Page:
The horned demon weighing down the Damned Man is meant to mirror Botticelli’s version of the Hebrew on his back, his cloak shaped to represent a shell (see here for explanation of shell connection). The back of Michelangelo’s demon is also shell-shaped and its wrinkled surface represents the shell of a walnut. 

The demon’s two horns mirror the horn-shape features protruding from the hair of the grounded Hebrew. The horns are also refer to the light that shone from the face of Moses (represented as horns) after he had received the Ten Commandments, most notable in the sculpture of Moses made by Michelangelo for the tomb of Pope Julius II and completed in 1545.

The Hebrew’s left foot and claw-shaped hands can be paired with the central demon’s extended leg and claw-shaped foot, coloured red to portray the toes as radishes.

The Damned Man, detail from the Last Judgement by Michelangelo, Sistine Chapel

The demon’s head looks down on the upended demon, as the head of Moses looks down on the upended Hebrew. However, the central demon’s arms are wrapped around the calves of the Damned Man in a similar way the figure of the woman wraps her arms around the upper body of the second Hebrew. Notice also how his left hand is raised to his head in a manner the Damned Man has raised his left hand – the difference being that the second Hebrew can see his opponent with both eyes while the Damned Man is portrayed seeing out of one eye only, perhaps indicating the limit he sets on judging the work of others.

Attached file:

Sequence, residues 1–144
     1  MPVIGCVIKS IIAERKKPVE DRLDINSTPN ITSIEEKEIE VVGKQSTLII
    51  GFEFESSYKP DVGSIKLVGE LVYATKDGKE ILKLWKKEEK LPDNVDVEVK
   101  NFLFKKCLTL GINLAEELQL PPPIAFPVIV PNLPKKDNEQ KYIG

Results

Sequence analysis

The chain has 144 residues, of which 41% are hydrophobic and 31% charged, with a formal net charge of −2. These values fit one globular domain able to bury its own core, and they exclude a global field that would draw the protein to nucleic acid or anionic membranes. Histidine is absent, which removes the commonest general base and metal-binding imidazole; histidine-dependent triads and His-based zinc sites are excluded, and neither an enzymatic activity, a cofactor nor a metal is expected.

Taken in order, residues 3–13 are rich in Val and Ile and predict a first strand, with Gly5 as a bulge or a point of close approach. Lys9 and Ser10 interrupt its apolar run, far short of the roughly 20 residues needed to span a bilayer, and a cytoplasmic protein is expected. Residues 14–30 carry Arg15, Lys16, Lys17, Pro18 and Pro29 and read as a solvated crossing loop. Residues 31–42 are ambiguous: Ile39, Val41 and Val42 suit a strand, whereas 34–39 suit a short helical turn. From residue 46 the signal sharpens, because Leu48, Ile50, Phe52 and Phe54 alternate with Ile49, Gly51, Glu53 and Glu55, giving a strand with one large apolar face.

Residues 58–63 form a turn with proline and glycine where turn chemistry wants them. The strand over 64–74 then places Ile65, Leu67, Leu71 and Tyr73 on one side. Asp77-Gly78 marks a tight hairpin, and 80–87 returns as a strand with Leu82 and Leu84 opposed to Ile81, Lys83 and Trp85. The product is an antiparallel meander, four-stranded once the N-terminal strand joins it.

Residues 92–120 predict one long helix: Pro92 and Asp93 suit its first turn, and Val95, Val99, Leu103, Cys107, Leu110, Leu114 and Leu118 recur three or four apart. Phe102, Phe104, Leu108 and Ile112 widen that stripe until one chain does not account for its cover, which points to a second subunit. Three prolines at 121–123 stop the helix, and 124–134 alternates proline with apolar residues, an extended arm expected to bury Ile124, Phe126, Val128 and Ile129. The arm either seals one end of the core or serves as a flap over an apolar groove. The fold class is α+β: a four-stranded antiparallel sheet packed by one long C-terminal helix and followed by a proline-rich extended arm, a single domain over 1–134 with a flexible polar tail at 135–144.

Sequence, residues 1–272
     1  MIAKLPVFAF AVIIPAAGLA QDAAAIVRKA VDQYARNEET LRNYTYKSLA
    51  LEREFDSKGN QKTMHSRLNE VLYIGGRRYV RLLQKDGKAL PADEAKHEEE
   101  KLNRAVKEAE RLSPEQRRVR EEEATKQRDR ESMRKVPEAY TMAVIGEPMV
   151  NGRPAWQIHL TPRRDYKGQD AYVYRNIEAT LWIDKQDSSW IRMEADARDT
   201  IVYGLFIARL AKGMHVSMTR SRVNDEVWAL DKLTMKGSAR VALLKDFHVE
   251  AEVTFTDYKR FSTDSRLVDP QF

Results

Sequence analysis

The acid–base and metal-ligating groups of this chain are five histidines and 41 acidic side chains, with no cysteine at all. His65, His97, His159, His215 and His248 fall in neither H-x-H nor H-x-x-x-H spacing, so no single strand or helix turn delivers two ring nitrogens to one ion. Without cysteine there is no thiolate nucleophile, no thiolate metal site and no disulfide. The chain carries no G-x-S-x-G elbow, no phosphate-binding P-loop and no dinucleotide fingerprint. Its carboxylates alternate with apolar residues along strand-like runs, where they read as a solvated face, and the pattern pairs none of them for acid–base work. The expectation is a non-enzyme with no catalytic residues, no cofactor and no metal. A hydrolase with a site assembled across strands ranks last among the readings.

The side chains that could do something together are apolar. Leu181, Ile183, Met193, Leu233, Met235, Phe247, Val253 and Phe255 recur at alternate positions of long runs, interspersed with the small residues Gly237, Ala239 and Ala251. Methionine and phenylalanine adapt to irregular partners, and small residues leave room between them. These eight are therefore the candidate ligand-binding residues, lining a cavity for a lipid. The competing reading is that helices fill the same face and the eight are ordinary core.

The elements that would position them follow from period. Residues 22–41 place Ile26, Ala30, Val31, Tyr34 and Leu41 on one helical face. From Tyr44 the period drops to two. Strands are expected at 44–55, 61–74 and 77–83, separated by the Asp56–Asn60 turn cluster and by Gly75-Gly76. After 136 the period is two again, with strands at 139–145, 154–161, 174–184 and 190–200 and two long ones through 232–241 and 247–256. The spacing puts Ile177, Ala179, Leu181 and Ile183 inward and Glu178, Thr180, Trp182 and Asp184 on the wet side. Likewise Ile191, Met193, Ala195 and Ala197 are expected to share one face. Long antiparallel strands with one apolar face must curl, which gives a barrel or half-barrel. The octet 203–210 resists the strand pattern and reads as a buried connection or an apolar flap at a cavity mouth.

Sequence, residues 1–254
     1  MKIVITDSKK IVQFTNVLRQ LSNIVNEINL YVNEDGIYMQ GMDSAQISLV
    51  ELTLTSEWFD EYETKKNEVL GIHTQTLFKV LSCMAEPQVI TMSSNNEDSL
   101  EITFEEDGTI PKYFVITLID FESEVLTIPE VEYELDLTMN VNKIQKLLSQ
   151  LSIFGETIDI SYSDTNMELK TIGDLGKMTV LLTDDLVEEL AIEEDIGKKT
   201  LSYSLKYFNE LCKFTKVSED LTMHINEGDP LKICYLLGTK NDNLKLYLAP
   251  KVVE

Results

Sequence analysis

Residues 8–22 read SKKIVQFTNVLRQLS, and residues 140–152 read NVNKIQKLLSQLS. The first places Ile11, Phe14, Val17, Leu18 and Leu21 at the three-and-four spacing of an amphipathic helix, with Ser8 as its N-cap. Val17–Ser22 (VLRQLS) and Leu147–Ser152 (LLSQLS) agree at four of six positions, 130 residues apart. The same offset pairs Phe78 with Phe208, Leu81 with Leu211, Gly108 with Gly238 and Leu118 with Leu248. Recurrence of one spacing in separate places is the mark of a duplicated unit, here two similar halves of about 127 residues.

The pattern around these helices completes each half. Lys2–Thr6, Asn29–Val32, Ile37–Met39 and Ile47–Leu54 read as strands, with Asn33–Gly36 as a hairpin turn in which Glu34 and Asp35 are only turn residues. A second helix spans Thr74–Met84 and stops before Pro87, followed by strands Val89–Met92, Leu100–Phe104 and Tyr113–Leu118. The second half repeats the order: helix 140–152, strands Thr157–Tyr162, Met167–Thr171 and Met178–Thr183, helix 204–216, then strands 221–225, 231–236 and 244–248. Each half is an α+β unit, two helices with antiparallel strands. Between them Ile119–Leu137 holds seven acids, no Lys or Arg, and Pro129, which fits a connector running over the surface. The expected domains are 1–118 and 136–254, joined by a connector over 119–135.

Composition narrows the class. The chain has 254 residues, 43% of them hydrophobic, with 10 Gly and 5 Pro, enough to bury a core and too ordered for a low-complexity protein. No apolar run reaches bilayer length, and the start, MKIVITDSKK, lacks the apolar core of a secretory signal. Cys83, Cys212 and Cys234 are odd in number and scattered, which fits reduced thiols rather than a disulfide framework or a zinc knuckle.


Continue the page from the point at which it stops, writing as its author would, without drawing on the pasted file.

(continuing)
Another incident between the two men also likely stayed with Michelangelo and probably explains the placing of the Damned Man figure in the Last Judgement painting. When Michelangelo had completed his famous giant sculpture of David, a committee was convened to decide on where the work should be placed. Several artists were part of the 30-man group, including Leonardo de Vinci and Sandro Botticelli.

Left: Michelangelo’s marble statue of David. Right: Andrea del Verrocchio’s bronze sculpture of David.

In his book, The Flights of Mind, Charles Nicholl states:

“Leonardo’s opinion about the placing of David is recorded in the minutes of the meeting. ‘I say that it should be placed in the Loggia’ – the Loggia dei Lanzi, opposite the Palazzo Vecchio – ‘as Giuliano has said, behind the low wall where the soldiers line up. It should be put there, with suitable ornaments, in such a way that it does not interfere with the ceremonies of state.’ This opinion, shared by Giuliano da Sangallo but counter to the general view, already expresses an antagonism, a deliberate refusal to be impressed. Let this oversized statue be sidelined in a corner where it won’t get in the way. The true wish expressed is the sidelining of the sculptor himself: this awkward, intrusive genius. Further nuances of umbrage may have arisen in relation to that earlier Florentine David, sculpted by his master Verrocchio, for which the teenage Leonardo is said to have been the model: now, forty years on, this new David outmodes that image of his own youthful promise.”

The Seven Deadly Sins, detail from the Last Judgement by Michelangelo, Sistine Chapel

The Damned Man is part of but set aside from a group of figures that represent the Seven Deadly Sins. In this group we can recognise the form of some of the angels striking down the deadly sinners in similar fashion to Botticelli’s Moses raising his sword and striking down the Hebrew “who was in the wrong”.

To the right of the Damned Man Michelangelo has portrayed a sinner with his back to the viewer akin to the figure of Moses fleeing to Midian after it became known he had murdered an Egyptian and attempted to cover up his crime by burying the corpse in sand.